Character Flaws - Tips for Character Development
What are character flaws, how to use them, and examples!
By: J.E. Keys
In reality, nothing and no one is perfect. Therefore, the same reasonable expectations apply to your story and characters. Your characters need to have flaws to make them feel believable. Otherwise, you risk your readers not connecting with your characters, or worse, your story. And that’s certainly something to avoid.
So how do your characters get their flaws?
Let’s start off simple.
Everyone has flaws! Some may be physical flaws like a birthmark or skin discoloration. There will be personality flaws, things like anger issues, anxiety, or control issues. Even a dimple, for as simple as it is, could be a character flaw. They are the little imperfections that make your characters unique.
Anything that makes your characters not perfect. A-N-Y-T-H-I-N-G. Those imperfections make the characters feel real and relatable to the reader. And the more relatable they are, the more endeared readers will be to them.
But how do we decide what flaws our characters should have?
That’s the big question, isn’t it?
The best rule of thumb is to start by looking at your character’s existing strengths, and your plot arch. Example: You have a famous warrior character. He is present in a castle that is under siege. Everyone, including the King, is looking to him to lead the charge. But the incumbents have a dragon, and our warrior is absolutely losing his mind about fire. He’s refusing to leave the walls, much less the castle.
His flaw here is that he’s afraid of fire, and that flaw is causing him to create conflict. Letting the character flaw play directly into conflict with the plot creates tension, and tension makes your story interesting!
Let’s try another example.
June is a girl going to high school. She’s very popular and has dozens of friends. However, one of her friends has recently started dating her ex-boyfriend Todd. This sparks a rage of jealousy in June, as she still has feelings for Todd. She takes her jealousy out on the other girls, turning her into a poor friend.
June’s flaw is her inability to control her jealousy, and her actions create conflict that moves the plot along. Will June overcome her jealousy, make amends with her friends, and come to terms with her feelings for Todd?
Now, June’s character flaw is moving the plot along, and it also added more information about the type of person June is. This leads another opportunity to hint to the reader details about your characters and add depth to your character arch. Maybe by the end of the book, June has grown as a person, cast her jealousy aside, and could be happy for Todd in his new relationship.
When you make the character flaws work for you, it gives extra depth to your plot, adds to the conflict, and helps develop your character’s arch and development.
There are still more ways you can use character flaws to your advantage with readers!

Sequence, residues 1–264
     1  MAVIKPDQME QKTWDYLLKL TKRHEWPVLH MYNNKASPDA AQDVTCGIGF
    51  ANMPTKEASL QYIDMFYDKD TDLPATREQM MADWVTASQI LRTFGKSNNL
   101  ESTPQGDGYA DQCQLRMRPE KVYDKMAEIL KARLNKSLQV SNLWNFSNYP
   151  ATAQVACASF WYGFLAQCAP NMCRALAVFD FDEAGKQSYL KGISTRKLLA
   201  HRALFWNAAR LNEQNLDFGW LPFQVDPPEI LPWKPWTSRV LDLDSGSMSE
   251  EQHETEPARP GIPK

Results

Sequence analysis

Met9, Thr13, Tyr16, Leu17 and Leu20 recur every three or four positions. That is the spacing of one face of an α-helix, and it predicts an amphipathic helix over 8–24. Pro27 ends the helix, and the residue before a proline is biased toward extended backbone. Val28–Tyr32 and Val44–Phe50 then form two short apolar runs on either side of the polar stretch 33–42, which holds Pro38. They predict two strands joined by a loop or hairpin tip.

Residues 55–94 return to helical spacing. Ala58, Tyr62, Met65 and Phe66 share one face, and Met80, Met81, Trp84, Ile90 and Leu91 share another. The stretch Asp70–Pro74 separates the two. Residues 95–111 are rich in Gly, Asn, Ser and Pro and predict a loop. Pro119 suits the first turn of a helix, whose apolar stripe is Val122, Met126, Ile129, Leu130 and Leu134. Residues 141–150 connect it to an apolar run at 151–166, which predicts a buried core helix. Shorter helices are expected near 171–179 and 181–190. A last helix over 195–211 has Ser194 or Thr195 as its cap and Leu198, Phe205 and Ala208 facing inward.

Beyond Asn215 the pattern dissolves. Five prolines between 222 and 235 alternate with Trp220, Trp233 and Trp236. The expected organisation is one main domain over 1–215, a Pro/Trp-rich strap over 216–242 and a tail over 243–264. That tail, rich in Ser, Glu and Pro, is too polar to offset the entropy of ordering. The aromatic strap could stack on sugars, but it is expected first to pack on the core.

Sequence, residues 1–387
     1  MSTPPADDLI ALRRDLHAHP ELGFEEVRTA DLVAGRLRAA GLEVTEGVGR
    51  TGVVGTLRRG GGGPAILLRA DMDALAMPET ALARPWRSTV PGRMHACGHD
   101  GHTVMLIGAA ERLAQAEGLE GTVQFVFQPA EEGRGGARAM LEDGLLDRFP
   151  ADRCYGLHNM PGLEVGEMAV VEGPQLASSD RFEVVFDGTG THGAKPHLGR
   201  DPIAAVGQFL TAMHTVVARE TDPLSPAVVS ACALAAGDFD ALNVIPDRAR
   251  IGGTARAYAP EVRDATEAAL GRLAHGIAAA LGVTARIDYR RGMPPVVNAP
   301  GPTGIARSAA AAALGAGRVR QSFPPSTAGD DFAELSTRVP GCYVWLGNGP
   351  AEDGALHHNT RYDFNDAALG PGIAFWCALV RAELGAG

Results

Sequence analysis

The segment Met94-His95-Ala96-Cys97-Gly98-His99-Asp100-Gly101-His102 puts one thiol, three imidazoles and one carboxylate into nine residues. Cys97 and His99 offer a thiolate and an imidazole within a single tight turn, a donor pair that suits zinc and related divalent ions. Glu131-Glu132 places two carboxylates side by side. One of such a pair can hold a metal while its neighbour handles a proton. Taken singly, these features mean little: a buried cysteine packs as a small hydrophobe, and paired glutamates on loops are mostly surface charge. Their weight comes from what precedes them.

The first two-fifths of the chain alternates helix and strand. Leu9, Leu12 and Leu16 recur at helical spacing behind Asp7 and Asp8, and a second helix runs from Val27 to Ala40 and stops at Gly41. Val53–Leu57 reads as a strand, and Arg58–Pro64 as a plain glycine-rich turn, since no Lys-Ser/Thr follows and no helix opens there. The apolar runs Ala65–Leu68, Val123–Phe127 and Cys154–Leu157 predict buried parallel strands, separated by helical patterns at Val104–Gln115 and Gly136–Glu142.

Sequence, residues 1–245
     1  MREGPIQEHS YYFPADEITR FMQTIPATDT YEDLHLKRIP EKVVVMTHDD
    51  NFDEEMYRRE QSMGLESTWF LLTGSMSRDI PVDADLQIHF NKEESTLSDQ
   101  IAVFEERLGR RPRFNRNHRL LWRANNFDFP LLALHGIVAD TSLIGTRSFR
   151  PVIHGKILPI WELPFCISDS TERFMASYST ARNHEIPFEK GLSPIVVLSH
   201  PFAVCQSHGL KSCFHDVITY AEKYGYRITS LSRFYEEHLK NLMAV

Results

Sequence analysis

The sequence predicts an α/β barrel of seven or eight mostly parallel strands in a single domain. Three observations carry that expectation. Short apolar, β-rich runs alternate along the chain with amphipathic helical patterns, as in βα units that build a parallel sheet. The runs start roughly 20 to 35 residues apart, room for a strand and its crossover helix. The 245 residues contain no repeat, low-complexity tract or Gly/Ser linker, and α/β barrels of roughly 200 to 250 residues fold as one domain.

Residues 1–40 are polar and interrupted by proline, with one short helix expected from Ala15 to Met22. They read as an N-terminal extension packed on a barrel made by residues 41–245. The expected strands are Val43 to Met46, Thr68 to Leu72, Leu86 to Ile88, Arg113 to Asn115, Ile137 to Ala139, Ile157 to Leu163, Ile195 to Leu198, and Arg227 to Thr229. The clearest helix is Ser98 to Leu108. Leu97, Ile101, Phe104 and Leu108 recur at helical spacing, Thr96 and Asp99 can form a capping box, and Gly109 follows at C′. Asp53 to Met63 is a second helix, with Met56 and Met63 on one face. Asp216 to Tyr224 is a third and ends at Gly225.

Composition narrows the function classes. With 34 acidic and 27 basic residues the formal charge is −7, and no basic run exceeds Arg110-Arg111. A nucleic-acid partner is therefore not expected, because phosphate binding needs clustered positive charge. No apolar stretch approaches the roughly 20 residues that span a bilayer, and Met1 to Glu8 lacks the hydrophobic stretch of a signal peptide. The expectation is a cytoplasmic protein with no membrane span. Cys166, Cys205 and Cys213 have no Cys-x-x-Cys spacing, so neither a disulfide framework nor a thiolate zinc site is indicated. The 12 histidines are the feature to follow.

One way to make a character endearing to a reader is to give them a flaw that is a physical tick. Maybe they’re always biting their lip or nails. Sometimes you’ll catch people fidgeting with hair or jewelry. Think of things you do without realizing it, and pay attention to ones that others do too.
As a general guideline, these shouldn’t be big or elaborate actions. Think small and think personalized. Here are two examples:
Tick: Fidgeting with a ring that is precious for a specific reason. (Heirloom, sentimental value, monetary value, significator.)
How that looks: Lee stood, heart pounding, watching the feet of those in line in front of her. She was not good with social interactions, and she knew it. Her thumb reached up and turned the ring on her middle finger. It was a dirty silver thing with a round onyx crystal embedded in the band. A gift when she was a child that she never took off. Now, as an adult, it’s become her worry stone. As her thumb loosened the ring on her finger, she spun it, counting the moments until it was her dreaded turn in line.
Tick: Talking to one’s self due to lack of routine social interaction.
How that looks: Jack had worked with Samantha every night this week on the closing shift. He disliked having to be at the restaurant this late, but he was thankful Samantha was there with him. She made everything easy and took care of most of the work herself. All night she would bustle around like a tornado, ushering mess away and tiding for the night.
Jack was standing at the register when she passed him, carrying a load of cups to the back. “Don’t drop them!” he heard her say. He almost didn’t hear her with the noise of the kitchen in the background, but he saw her mouth utter the words.
“Are you talking to yourself?” he asked, followed by a rustling from behind him. He turned around to her gaping at him, like a deer in headlights, and the cups she was carrying littered on the floor. After a long pause, she nodded.
When you use a character tick, you build a rapport with the reader, and add greater depth to your characters.
Character flaws are an important piece of character development and are essential to writing a wonderful story. They help create juicy conflict in our plots by causing problems that our characters have to solve, and a starting point for them to grow into the heroes we know them to be. There are several ways to use your characters’ flaws, as long as you stick to making them work for you!
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